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crime



  • Larry Krasner and the Limits of "Law and Order"

    by Keeanga-Yamahtta Taylor

    Pennsylvania Republicans have launched a futile effort to impeach the reformist Philadelphia DA Larry Krasner, defying local democracy to try to score political points through a backlash exploiting white voters' fears of crime. 



  • Is Environmental Damage Really Sabotage by Capital?

    by R.H. Lossin

     The term "capitalist sabotage" describes intentional destructive activity in service of profit, and is a more accurate label than "accident" or "unintended consquence" for the environmental change that will cause a million unnecessary deaths a year over the coming decades. 



  • Immigrant Merchants and Law-and-Order Politics in Detroit

    by Kenneth Alyass

    The Chaldean community of Detroit became a significant middleman-minority through the operation of small stores in working-class and majority-Black neighborhoods. As white flight and disinvestment created increasingly dire conditions, they also became a constituency for aggressive policing. 



  • Forget Inflation: GOP Reviving Willie Horton (and It's Working)

    by Will Bunch

    "The GOP is partying like it’s 1988 — the year that scary pictures of a felon they called Willie Horton and grainy images of Black crime saved a party equally devoid of actual policies," says columnist Will Bunch.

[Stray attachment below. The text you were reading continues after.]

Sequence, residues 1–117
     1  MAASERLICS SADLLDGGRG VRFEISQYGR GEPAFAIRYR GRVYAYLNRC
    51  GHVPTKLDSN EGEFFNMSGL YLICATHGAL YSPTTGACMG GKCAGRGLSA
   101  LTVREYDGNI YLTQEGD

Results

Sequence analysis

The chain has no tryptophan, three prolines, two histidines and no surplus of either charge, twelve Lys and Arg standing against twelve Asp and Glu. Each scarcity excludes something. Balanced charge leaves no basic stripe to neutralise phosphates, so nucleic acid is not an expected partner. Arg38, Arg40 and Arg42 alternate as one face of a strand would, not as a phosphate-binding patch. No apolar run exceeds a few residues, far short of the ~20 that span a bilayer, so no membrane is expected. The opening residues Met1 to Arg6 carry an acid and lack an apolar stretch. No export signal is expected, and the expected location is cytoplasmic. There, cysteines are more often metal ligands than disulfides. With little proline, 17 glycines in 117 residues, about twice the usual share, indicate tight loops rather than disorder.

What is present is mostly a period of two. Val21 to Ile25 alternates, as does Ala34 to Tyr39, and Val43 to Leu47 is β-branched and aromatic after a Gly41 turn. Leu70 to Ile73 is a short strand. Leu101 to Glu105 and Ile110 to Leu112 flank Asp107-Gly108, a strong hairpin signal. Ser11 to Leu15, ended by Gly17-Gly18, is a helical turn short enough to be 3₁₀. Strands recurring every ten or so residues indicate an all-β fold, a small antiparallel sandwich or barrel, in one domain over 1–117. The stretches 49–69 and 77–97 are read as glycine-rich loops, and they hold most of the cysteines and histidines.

• The Right Celebrated Bernhard Goetz as the Kyle Rittenhouse of the 80s

    by Pia Beumer

    In the context of economic turmoil, urban crisis, and racial division, a broad swath of the American public made Goetz a heroic symbol of restored white masculinity after he shot four Black teens who asked him for money on the New York subway.



  • "More Cops" is Not the Answer for NYC

    by Simon Balto

    The entire, terrifying episode that unfolded across 29 hours in New York was a testament to the futility of spending more money on police, and to the lie that police “keep us safe”. 



  • Broken Homes of the Drug War

    by David Helps

    Rather than a mistake or an isolated instance of excess, a notoriously brutal and destructive LAPD raid on an apartment complex in 1988 should be seen as part of a political attack on the city's Black poor, enabled by cultural stereotypes of families of color. 



  • Where Did the Public Toilets Go?

    Peter Baldwin offers context for how American cities haltingly adopted and quickly abandoned public toilets, a story that encompasses the racial, gender and class politics of how people interact in urban space. 



  • Beware "Rising Crime" Rhetoric in Seattle Politics

    by Dan Berger

    Progressive prosecutor candidates like Nicole Thomas-Kennedy in Seattle reflect a growing social movement to reverse decades of failed "tough on crime" policies that have accomplished little but swell the ranks fo the incarcerated, says a historian of crime and punishment.



  • Are Millennial Workers and Boomer Managers Destroying the Mafia, Too?

    Federal prosecutions in the 1980s and 1990s decimated experienced middle-management ranks in New York's organized crime families. Are they struggling today because their remaining workforce consists of boomers who can't quit and millennials who are on their phones too much?